Catechism is a forgotten practice. It was once considered a necessity by Christians for the training of their children in the faith (as well as new converts). What better way to teach children Christianity than questions and answers about important doctrines? Having children learn answers and memorize them at a young age will benefit them for the rest of their lives.
However, catechism is not just for children. Adults too can and should be catechized (especially adult converts). Catechism reminds all of us of the great truths of the Christian faith. And just like memorizing Bible verses, it helps us to store up these truths in our hearts.
When Should Catechism Be Done?
Churches should teach catechism for both children and youth. (It is also a great guide for teaching adults.) This can be done during Sunday school or on a weekday evening. However, catechism really is the responsibility of parents. It is not a difficult task, and the dinner table makes for an ideal opportunity. Parents can pray before dinner and follow dinner with a chapter of Bible reading and/or a catechism question and answer. It doesn’t have to be long. The family can even seek to memorize a question and answer together.
Which Catechism Should You Use?
This really depends on your beliefs and which church you belong to. Many of the catechisms coming out of the Protestant Reformation are at least partly based on the Ten Commandments, the Lord’s Prayer, and the Apostles’ Creed. So they have some similarities.
As a Presbyterian, I recommend the Westminster Shorter Catechism. The Westminster Confession and Catechisms were written by the Westminster Assembly in 1646. They are Reformed and Calvinist in their doctrine. On top of being a great catechism, the Westminster Catechism has the benefit of being originally written in English. Its first question is famous and is an example of its greatness:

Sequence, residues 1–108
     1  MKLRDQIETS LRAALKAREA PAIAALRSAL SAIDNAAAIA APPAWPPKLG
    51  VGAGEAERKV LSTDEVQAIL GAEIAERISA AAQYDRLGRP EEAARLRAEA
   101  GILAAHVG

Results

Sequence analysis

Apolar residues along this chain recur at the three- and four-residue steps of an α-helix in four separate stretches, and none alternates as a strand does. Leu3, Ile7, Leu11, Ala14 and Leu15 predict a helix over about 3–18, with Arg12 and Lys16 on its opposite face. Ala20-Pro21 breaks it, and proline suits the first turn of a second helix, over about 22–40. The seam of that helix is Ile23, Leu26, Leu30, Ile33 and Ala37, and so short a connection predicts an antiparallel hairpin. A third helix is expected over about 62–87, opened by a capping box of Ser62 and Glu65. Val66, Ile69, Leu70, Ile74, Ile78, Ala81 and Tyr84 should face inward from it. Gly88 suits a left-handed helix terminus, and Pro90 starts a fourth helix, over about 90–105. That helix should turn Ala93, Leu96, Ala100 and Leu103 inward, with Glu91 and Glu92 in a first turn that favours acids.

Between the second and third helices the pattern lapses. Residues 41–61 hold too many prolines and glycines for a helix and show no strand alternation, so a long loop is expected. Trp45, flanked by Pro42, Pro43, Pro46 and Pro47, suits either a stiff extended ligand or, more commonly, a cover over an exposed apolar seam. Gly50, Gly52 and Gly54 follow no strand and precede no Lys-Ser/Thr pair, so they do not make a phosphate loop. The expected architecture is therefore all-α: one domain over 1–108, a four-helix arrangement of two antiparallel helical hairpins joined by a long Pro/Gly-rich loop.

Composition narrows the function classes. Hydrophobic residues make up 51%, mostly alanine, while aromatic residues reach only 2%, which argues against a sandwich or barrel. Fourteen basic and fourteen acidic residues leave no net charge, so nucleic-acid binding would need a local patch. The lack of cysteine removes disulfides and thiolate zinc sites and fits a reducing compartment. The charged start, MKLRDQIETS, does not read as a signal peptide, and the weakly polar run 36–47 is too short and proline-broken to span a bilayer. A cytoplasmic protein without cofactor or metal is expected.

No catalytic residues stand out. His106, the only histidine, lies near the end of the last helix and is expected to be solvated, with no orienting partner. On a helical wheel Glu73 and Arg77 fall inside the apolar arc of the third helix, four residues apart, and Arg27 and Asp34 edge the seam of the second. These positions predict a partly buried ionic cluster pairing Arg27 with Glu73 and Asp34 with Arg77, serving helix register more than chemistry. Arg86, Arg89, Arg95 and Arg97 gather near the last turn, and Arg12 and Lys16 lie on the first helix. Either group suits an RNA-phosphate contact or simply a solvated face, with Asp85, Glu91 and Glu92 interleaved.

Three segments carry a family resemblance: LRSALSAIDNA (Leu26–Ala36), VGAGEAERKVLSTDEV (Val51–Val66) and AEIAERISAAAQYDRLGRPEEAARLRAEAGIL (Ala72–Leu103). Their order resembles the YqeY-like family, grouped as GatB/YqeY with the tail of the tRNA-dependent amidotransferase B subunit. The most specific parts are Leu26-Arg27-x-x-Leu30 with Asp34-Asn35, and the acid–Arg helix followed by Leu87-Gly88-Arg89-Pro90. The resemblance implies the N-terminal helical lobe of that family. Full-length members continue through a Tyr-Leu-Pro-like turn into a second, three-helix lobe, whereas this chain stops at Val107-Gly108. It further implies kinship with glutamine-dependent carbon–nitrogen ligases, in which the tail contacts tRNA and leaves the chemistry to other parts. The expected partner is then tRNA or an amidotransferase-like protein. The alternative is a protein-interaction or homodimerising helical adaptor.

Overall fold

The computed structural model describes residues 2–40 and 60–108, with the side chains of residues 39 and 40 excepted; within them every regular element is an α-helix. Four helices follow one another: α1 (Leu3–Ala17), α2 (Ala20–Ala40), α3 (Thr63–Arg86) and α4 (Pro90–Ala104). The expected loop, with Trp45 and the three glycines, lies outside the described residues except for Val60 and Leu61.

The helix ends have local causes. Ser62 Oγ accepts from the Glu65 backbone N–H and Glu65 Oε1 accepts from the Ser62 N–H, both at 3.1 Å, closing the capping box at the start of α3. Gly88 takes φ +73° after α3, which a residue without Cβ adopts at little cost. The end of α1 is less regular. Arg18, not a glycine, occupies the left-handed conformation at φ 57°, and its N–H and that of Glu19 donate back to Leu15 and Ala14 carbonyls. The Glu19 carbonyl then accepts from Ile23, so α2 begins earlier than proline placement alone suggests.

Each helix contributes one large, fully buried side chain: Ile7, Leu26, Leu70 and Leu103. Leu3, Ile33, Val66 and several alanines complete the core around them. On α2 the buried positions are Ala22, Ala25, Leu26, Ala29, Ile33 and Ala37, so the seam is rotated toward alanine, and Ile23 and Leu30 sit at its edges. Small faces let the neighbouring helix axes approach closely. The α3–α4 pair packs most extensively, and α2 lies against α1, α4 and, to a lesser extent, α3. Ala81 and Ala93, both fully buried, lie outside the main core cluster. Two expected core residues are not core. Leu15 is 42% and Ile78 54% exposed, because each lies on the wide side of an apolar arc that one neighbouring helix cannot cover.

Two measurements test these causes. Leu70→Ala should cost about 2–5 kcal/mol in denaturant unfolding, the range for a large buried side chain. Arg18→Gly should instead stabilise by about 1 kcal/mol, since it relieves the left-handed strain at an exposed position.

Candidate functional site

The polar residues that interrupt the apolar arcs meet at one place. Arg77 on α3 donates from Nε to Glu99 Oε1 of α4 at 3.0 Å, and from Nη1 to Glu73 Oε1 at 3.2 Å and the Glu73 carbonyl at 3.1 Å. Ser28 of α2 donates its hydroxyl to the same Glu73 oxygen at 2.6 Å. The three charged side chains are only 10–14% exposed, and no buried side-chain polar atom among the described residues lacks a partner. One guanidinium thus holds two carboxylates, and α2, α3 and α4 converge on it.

Q. What is the chief end of man?
A. Man’s chief end is to glorify God, and to enjoy him forever.
Another great catechism is the Heidelberg Catechism, written by Zacharius Ursinus in 1563. This is an excellent catechism that is still used by the Dutch Reformed churches. Its first question is famous because of its comforting and beautiful language:
Q. What is your only comfort in life and in death?
A. That I am not my own, but belong—body and soul, in life and in death—to my faithful Savior, Jesus Christ. He has fully paid for all my sins with his precious blood, and has set me free from the tyranny of the devil. He also watches over me in such a way that not a hair can fall from my head without the will of my Father in heaven; in fact, all things must work together for my salvation. Because I belong to him, Christ, by his Holy Spirit, assures me of eternal life and makes me wholeheartedly willing and ready from now on to live for him.
If you are Lutheran, Luther’s Small Catechism is great.
Resources for the Westminster Shorter Catechism
Because I cannot provide resources for every Christian tradition, I will here focus on the Westminster Shorter Catechism. (You can find it here for free online.) Though there is a children’s catechism out there, this was not an original document. We like to think of ourselves as educated today, but the Shorter Catechism of 1646 was actually intended for children (as opposed to the Larger Catechism). I think we should still use the Shorter Catechism for children.
Here is a nice hardcover edition of the Westminster Confession and Catechisms with Scripture proofs.
If you just want the Shorter Catechism, this is a nice small and cheap edition.
Here is an edition of the Shorter Catechism in Modern English. But beware, this edition does not just get rid of words like “hath.” It is still faithful to the original meaning, but you may not be pleased if you are used to the original wording. I prefer the original.
Starr Meade has written a book on the Westminster Shorter Catechism that helps parents and teachers by providing devotions based on the Shorter Catechism—Training Hearts, Teaching Minds: Family Devotions Based on the Shorter Catechism. Meade also has a similar book on the Heidelberg Catechism.
If you want to study the Westminster Assembly more in depth, Robert Letham’s The Westminster Assembly: Reading Its Theology in Historical Context is an excellent book. This is particularly good for those teaching on the Westminster Confession and Catechisms, as it covers the history and the theological debates behind the Westminster Confession. The book is well written, but it is not light reading.